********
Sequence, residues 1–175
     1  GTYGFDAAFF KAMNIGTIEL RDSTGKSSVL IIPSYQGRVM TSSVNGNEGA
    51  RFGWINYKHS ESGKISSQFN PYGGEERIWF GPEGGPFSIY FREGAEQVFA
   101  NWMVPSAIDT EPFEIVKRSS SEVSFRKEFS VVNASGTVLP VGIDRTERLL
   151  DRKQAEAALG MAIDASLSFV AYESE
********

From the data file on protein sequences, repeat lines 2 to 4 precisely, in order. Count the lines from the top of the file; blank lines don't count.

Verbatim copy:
     1  GTYGFDAAFF KAMNIGTIEL RDSTGKSSVL IIPSYQGRVM TSSVNGNEGA
    51  RFGWINYKHS ESGKISSQFN PYGGEERIWF GPEGGPFSIY FREGAEQVFA
   101  NWMVPSAIDT EPFEIVKRSS SEVSFRKEFS VVNASGTVLP VGIDRTERLL